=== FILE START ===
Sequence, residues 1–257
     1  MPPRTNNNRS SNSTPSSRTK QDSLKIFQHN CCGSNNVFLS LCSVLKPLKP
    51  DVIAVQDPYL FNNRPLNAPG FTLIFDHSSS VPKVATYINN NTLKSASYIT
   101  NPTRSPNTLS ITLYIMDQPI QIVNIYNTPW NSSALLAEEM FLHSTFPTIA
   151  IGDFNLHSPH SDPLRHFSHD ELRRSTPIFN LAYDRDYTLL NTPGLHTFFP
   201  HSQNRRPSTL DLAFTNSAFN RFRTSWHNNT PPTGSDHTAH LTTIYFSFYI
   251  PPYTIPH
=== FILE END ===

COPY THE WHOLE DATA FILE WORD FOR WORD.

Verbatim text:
Sequence, residues 1–257
     1  MPPRTNNNRS SNSTPSSRTK QDSLKIFQHN CCGSNNVFLS LCSVLKPLKP
    51  DVIAVQDPYL FNNRPLNAPG FTLIFDHSSS VPKVATYINN NTLKSASYIT
   101  NPTRSPNTLS ITLYIMDQPI QIVNIYNTPW NSSALLAEEM FLHSTFPTIA
   151  IGDFNLHSPH SDPLRHFSHD ELRRSTPIFN LAYDRDYTLL NTPGLHTFFP
   201  HSQNRRPSTL DLAFTNSAFN RFRTSWHNNT PPTGSDHTAH LTTIYFSFYI
   251  PPYTIPH